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‘Face-to-Face' Learning Better than Online Learning New Research




LEARNING online is far less effective than traditional learning in a classroom environment, according to a new study.


Researchers at the University of Washington, Stanford University and Mathematica Policy Research found online pupils at American charter schools lagged far behind their classroom-based peers in terms of academic performance.


The research found that, despite the benefits of online study, results simply didn’t compare to the traditional learning approach of having a teacher at the front of the classroom.


According to the report, factors affecting results are:

• Less one-to-one attention from teachers with online learning than with face-to-face learning
• Online learners are responsible for driving their own learning and determining how quickly they advance
• Challenges around learner engagement due to limited student-teacher interaction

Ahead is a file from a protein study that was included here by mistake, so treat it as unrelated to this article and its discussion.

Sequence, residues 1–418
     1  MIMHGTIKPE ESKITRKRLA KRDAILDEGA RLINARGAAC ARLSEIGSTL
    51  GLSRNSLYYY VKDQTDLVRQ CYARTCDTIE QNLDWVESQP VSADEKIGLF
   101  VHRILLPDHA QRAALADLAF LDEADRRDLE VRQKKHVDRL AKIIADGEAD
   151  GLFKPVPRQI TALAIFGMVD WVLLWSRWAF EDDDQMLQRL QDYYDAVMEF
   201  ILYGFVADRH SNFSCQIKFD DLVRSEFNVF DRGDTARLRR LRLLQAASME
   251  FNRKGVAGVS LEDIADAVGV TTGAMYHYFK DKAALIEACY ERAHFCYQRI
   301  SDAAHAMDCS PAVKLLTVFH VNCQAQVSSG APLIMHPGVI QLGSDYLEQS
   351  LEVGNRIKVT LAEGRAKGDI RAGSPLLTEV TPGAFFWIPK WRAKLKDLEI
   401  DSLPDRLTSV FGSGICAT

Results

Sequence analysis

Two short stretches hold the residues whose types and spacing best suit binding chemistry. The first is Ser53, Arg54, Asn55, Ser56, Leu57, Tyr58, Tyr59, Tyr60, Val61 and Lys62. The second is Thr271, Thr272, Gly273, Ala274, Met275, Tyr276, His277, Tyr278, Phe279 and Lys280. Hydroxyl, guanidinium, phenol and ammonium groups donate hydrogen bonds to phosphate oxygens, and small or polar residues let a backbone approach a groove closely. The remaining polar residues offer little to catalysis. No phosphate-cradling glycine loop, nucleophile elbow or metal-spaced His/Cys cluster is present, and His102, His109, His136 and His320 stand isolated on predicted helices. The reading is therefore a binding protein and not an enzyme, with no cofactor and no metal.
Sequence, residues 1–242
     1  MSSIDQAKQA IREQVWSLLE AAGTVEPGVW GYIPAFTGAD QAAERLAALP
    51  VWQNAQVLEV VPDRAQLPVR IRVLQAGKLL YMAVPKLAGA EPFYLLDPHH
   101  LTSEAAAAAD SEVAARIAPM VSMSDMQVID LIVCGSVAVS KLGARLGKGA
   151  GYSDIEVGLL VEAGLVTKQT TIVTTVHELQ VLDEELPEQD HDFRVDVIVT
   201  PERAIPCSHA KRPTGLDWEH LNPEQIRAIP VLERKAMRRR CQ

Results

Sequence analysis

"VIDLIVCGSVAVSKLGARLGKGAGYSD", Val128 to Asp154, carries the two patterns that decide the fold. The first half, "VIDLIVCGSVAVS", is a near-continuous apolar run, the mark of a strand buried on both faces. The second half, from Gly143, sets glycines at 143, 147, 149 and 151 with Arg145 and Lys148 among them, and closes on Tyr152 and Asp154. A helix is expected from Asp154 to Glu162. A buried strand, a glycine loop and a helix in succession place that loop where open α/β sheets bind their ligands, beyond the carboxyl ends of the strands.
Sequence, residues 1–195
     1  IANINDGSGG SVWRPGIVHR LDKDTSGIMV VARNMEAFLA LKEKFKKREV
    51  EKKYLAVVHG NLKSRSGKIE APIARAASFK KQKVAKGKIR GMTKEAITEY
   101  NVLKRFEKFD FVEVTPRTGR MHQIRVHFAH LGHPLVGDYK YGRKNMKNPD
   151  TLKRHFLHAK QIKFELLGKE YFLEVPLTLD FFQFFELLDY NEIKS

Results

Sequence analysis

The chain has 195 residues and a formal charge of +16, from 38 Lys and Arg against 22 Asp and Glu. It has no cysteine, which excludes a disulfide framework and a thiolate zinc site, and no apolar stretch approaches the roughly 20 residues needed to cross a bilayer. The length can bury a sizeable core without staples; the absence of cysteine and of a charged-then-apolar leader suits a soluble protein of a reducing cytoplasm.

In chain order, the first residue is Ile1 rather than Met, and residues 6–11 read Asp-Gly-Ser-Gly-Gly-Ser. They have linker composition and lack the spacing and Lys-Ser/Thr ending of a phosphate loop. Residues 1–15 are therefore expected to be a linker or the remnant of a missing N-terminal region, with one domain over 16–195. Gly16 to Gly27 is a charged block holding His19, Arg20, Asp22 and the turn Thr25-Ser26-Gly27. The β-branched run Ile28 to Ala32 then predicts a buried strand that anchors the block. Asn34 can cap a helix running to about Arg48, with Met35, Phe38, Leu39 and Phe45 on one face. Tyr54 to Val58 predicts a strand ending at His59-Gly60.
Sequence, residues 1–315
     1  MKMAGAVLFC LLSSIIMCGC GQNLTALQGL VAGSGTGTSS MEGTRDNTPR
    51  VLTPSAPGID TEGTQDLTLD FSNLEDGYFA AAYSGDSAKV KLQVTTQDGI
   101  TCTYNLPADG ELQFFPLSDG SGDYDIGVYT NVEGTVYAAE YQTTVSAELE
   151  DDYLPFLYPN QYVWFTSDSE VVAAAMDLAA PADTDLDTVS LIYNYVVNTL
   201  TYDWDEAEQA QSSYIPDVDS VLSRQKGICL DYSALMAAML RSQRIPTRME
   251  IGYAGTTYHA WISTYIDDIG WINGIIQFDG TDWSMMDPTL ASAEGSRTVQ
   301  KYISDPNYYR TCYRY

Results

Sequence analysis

The report did however point out that online learning has unique benefits, such as being more accessible for certain people.




Hamilton Mercer’s Head of Learning and Development Simon Scofield said: “While no one disputes the benefits of using new technology, we believe that engaging with people directly and giving them one-to-one attention is the best way to help people learn.


“Being in a classroom lets learners interact with each other, share ideas, take part in group exercises and have an enjoyable, social learning experience. It’s also motivating and reassuring for them to know they can get instant and personal responses to questions.


“When it comes to online learning vs classroom learning, we believe the classroom option is the best way to ensure the type of learner engagement that achieves results.”


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